Ashley Sheridan​

Using Intersection Observer to Improve Image Loading Performance

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Page performance is always something we should consider when building websites and applications, whether that's real or the way that a user perceves your site is loading. Some experts would actually say that in some situations, perception of load times is more important than actual load times; it's why some people prefer progress bars over spinners.

Images and Performance

One of the causes of poor page performance is large amounts of images loading on a page when they're not even visible. If a user doesn't scroll through the entire pages content, then those loaded images are wasted. That's bad for a few reasons:

  • Some of your users will be on metered data connections, which means that they are more concerned over their data usage.
  • Your page weight is built up with content that isn't used, and more weight means slower load times
  • The more requests your browser makes for external resources, the longer it takes to complete. Have you ever tried to transfer a thousand images? It takes longer than a single video, even if the video is only a little larger than the combined size of all of those images.

The Solution

There is a simple fix to the problem; just load the images that you need. The fix is actually simple, and needs only about 30 lines of JavaScript. Mainly that's thanks to an API called Intersection Observer that has pretty good browser support (except Internet Explorer, but usage of that is ever dropping.) This allows you to trigger events when items scroll into view, which makes it perfect for use with an image preloader in a photo gallery.

Stopping Images from Loading by Default

The first step is to stop images loading by default, so the images in the gallery look like this in the HTML:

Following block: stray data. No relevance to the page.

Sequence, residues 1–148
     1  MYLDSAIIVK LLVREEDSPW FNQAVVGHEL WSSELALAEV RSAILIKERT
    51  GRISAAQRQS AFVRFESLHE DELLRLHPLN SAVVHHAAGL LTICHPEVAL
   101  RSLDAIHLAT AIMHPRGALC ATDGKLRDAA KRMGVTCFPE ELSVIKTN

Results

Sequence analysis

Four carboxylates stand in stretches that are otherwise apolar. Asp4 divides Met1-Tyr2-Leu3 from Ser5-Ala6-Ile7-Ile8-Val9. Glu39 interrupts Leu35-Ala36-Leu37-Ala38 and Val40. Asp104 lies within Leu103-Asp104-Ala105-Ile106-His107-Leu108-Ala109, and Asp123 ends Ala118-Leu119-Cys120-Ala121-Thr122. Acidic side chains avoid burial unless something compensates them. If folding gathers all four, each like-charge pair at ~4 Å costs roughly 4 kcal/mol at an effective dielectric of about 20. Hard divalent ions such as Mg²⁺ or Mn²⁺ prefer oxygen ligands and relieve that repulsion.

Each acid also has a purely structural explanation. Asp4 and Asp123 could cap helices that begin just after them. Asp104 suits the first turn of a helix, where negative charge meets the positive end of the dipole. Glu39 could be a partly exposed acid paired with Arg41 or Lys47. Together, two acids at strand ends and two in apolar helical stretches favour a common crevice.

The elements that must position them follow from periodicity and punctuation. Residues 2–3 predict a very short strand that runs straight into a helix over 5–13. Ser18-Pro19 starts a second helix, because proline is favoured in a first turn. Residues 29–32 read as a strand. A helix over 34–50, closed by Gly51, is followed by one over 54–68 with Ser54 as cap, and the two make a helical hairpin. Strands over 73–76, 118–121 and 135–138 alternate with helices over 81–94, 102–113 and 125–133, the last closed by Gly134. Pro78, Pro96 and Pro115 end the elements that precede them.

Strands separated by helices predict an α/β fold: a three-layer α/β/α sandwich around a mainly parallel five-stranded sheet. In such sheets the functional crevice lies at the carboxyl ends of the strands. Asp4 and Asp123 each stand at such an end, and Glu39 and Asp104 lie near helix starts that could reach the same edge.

<img src="" data-src="real-image.jpg" class="preload" alt="example image"/>

You can improve the appearance by using a much smaller sample image into the src attribute, and ideally you would have this inline as a base64 encoded image:


There is a caveat with this last part: the encoded version of the image is always larger in size than the original image, and when the image is eventually loaded, the page weight may be much larger. Shrink that image down as far as you can (remember,it's just to give a hint of the final image) and run it through an optimiser.

Add Intersection Observers

The next stage is to add in the observers that can fire off events when an image scrolls into view:

function observerHandler(observerEntries, observer) { for(let observerEntry of observerEntries) { if(observerEntry.isIntersecting && !image.hasPreloader) { console.log("in view"); image.src = image.getAttribute("data-src"); } } } let images = document.querySelectorAll("img.preload"); for(let image of images) { = new IntersectionObserver(observerHandler);; }

Load the Images Seamlessly

If we just swapped out the src attributes value with the real one as soon as the image was scrolled into view, we would lose out on the base64 encoded image we had already used while we waited for it to load. On a photo gallery full of images, that experience would be quite jarring. Instead, we want to load that real image behind the scenes, and then use it in the DOM once it was ready.

To do this, we need to change a couple of bits. First, we add in an image object to our image element: